Light Pollution and Lighting Codes
An Analysis of the Light Pollution Control Effectiveness of the IDA-IES Model Lighting Ordinance and the IDA Pattern Outdoor Lighting Code
From the Executive Summary:
The POLC is found to provide substantial improvements over unregulated outdoor lighting practice in all evaluated light pollution impacts. In the “brightest” POLC LZ 3, the total lighting amount for commercial sites is reduced on average to about one-half or less of the amount used on unregulated sites; in POLC LZ2 they are reduced to one-quarter and less. The amount of sky glow expected is reduced nearly a factor of 100 compared to average unregulated outdoor lighting practice.
Under MLO standards, outside of MLO LZ 0 and 1, the total lumen allowances, direct uplight allowances, and amount of sky glow are notably greater than expected under POLC standards; in MLO LZ 3 and 4 they are dramatically greater. In LZ 2 and above sky glow impacts are greater than what can be expected even when lighting is unregulated.
The MLO approach to fixture shielding and “limits to off site impacts” is ineffective in limiting sky glow, light trespass and glare. The MLO allows any (including no) fixture shielding, permitting the installation of the most egregious types of lighting fixtures. Compared to POLC lighting codes with “fully shielded” standards, even the (optional) MLO Luminaire Classification System “BUG” shielding standards and “off-site impact” limits offer weaker control of glare and uplight than the POLC.
The POLC requires the use of yellow (LPS, HPS, amber LED) or warm-white LED (CCT<3500K) for general area lighting, which accounts for 80% to 90% of outdoor lighting, thus reducing many aspects of light pollution such as visible sky glow, glare, human circadian impacts, and impacts on many biological systems. MLO does not address lamp spectrum, and thus leaves this crucial aspect of light pollution unaddressed.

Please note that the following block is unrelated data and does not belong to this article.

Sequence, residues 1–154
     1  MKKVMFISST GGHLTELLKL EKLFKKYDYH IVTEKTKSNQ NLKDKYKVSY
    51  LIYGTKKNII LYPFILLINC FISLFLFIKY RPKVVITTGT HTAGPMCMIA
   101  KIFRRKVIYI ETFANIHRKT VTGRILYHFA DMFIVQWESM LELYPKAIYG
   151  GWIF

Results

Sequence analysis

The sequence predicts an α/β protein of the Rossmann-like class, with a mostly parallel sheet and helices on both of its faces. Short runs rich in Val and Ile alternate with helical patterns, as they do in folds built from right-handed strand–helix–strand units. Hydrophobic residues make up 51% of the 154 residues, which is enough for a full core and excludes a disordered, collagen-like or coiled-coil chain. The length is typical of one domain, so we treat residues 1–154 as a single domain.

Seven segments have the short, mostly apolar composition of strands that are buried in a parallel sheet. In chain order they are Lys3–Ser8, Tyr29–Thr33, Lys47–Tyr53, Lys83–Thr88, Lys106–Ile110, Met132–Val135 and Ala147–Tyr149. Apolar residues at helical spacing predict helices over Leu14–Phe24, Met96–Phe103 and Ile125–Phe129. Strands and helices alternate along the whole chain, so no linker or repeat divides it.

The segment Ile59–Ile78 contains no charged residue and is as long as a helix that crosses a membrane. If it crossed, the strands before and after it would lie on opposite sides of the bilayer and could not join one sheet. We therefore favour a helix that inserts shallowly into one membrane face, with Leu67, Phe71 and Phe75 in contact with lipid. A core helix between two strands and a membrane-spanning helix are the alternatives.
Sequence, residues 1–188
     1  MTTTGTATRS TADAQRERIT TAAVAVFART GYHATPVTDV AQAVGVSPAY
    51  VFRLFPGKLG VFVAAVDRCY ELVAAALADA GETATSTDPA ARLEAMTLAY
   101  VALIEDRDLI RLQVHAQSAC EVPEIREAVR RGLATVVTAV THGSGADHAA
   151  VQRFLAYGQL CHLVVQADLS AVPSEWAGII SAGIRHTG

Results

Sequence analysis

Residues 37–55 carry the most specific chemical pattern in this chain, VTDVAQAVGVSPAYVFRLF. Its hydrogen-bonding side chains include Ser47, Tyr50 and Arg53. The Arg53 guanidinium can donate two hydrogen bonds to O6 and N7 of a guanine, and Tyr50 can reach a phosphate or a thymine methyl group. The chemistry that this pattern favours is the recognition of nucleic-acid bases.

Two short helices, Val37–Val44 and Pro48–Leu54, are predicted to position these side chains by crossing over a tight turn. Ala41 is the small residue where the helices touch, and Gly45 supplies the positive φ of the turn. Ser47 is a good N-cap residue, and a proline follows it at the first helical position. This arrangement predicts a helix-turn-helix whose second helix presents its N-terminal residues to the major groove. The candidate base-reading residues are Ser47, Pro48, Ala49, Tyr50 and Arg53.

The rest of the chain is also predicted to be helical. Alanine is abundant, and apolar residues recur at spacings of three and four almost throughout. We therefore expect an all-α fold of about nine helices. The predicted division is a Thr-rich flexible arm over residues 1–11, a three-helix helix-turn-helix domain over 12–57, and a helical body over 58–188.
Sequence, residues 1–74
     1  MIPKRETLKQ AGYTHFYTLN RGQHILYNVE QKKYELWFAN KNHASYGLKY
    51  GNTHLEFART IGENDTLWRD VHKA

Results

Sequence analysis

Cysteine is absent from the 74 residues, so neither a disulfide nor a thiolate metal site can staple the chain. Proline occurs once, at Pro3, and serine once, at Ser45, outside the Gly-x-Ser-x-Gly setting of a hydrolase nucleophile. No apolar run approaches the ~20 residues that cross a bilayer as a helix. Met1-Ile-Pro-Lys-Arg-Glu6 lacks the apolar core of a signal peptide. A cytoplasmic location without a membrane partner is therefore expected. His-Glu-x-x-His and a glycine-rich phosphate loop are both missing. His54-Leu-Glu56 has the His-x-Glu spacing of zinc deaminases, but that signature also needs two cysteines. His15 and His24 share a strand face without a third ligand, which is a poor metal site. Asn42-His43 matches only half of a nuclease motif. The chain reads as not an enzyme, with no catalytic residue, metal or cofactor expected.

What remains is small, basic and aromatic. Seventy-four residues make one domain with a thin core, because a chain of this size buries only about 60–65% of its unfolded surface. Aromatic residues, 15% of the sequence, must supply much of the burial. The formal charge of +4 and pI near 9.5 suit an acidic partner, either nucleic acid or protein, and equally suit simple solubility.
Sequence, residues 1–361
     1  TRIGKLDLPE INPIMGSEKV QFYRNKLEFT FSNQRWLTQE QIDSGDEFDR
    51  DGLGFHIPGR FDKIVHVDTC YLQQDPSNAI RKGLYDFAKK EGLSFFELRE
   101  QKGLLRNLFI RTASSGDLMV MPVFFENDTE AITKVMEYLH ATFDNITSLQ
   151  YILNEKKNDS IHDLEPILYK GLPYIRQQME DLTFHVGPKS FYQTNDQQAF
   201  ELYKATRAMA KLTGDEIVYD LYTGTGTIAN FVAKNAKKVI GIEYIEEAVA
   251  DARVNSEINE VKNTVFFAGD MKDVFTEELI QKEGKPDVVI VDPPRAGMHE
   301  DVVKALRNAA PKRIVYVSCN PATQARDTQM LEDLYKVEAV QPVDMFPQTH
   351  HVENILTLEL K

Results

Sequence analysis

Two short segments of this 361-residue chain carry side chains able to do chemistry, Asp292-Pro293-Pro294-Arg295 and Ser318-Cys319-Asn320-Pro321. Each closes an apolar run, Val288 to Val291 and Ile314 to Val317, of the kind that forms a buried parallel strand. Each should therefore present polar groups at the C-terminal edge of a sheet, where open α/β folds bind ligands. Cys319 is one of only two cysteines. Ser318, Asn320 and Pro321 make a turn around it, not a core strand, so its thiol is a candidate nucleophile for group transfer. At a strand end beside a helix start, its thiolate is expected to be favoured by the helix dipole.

In general, the POLC is shown to be far more effective than the MLO in curbing the detrimental aspects of outdoor lighting. The analysis of the various MLO regulatory options shows that the Performance Method Option B provides notably poor control of both direct uplight (and therefore skyglow) glare, and light trespass.
We conclude that a substantial reduction in light pollution is attainable to communities that adopt lighting codes following POLC standards. Adoption of a code based on the IDA-IES MLO cannot realistically be expected to produce improvement. Certainly for the medium-sized and small communities and rural areas that most frequently seek to reduce light pollution and protect the natural night environment, the MLO represents a significant step backward in light pollution limitation and control compared to the older IDA POLC model.
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